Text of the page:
Wednesday, May 19, 2004
Randy in the NewsroomPosted by Ben Jacobs
My colleagues did a nice job reacting to the Randy Johnson perfect game last night, but I just wanted to give everybody a sense of what it's like in the newsroom of a paper when there's a no-hitter (especially a perfect game) going on. As you may know, I work in the sports department at the Democrat and Chronicle in Rochester, NY and I was there last night.
First of all, we generally don't want them to happen. There's even one guy who works at our paper who monitors any no-hitter that gets past the fifth or sixth inning and says what every batter does in the hopes of breaking up the no-no. He obviously has no effect on the game, but he has a kind of joke reputation as being able to break them up and there have been very few no-hitters thrown while he's been in the office in all his time there (and he's been there a long time). He wasn't working last night, though.
The reason we don't want no-hitters is that when they happen, it almost always means you have to completely redesign the front page of the sports section (and usually, at least one of the inside pages as well) without much time before deadline. Our first deadline most nights is 11:30 p.m., so even a no-hitter that starts at 7 p.m. will probably only end a couple hours before deadline. At this point, changing the paper could remove a wire story that somebody has already worked up, which means they wasted their time.
There are two TVs in the sports department, and we originally had one on the NBA playoff game and one on the NHL playoff game. I first checked the Arizona/Atlanta game on the internet at the end of the fourth inning and saw that Johnson had seven strikeouts and hadn't allowed a hit. I started flipping one of the TVs over to TBS while the Braves were at bat at that point to check on Johnson's game.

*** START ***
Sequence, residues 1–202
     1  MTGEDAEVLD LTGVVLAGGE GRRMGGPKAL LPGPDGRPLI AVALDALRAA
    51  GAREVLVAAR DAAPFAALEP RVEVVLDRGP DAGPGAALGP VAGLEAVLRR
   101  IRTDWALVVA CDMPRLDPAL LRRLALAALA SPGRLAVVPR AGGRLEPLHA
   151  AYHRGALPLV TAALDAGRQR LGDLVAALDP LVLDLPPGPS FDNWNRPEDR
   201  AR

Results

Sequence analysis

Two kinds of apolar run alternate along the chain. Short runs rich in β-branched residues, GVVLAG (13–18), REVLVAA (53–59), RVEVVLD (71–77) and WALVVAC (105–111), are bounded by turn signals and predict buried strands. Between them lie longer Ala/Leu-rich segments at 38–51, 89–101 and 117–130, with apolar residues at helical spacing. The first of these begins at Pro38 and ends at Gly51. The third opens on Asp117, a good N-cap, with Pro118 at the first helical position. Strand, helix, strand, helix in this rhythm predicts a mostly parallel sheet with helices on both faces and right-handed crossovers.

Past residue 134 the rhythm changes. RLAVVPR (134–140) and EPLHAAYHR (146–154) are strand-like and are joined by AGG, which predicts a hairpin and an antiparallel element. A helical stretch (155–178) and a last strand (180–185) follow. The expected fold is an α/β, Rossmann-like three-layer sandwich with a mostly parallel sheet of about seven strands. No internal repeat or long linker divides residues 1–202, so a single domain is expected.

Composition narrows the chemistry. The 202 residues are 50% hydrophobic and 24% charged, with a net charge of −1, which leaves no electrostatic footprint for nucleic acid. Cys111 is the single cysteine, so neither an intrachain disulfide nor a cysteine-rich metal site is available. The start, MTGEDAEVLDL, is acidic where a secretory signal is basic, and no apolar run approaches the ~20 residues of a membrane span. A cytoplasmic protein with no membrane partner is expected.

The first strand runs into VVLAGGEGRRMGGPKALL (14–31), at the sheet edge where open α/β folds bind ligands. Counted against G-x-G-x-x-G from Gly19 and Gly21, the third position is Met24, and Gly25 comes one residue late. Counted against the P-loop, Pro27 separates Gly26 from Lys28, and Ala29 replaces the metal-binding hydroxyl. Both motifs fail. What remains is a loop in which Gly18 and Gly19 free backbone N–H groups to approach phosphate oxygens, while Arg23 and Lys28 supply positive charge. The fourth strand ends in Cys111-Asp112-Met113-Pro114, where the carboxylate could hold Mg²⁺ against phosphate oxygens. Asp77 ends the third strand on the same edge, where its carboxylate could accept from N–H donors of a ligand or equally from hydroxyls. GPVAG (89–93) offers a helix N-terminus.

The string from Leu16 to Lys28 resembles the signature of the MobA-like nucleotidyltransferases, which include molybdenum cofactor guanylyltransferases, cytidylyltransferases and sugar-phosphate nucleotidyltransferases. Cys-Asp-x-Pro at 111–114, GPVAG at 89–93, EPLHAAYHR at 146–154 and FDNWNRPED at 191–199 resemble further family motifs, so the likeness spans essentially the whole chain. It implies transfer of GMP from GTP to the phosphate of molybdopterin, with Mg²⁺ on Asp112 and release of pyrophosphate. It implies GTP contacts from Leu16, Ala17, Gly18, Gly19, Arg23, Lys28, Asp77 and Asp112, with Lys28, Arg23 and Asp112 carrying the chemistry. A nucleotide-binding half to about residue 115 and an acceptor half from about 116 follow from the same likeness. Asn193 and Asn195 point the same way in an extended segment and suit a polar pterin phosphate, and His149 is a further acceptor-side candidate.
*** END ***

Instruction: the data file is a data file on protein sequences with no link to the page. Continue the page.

Once Johnson made it through the sixth inning with the perfect game still in tact, we left one TV on TBS for the rest of the game and people kept drifting over to the TV to watch a couple of pitches or a couple of at-bats. At this point, the page designer was starting to think about what he'd have to do if Johnson actually got the perfecto.
Once the ninth inning rolled around, most of the people in the newsroom stopped working. There were at least half a dozen people clustered around the TV in the sports department and another dozen or so people clustered around the TV near the graphics and metro departments.
Throughout the ninth inning, everybody's chatting about the implications of the perfect game. Would he be the oldest pitcher to throw one? (Yes) Would he be the first pitcher with a no-hitter and a perfect game? (No) Would he be the first pitcher with a no-hitter in one leage and a perfect game in the other? (No) Who was the last pitcher with a perfect game? (David Cone)
One of the guys mentioned that the last pitcher he faced as a high school baseball player was Randy Johnson in a scrimmage. He said he swung at one pitch, but didn't make contact. That's just cool, if you ask me.
Anyway, that's one of the great things about working at a newspaper. Yeah, it's fun to cover games and write stories and follow sports (if you're in the sports department) for a living, but the best part is the camaraderie among all the people who work there. And if you're going to watch a perfect game (or parts of it), it's cool to watch it with a bunch of other sports fans, like I did last night.
Ben Jacobs can be reached via e-mail.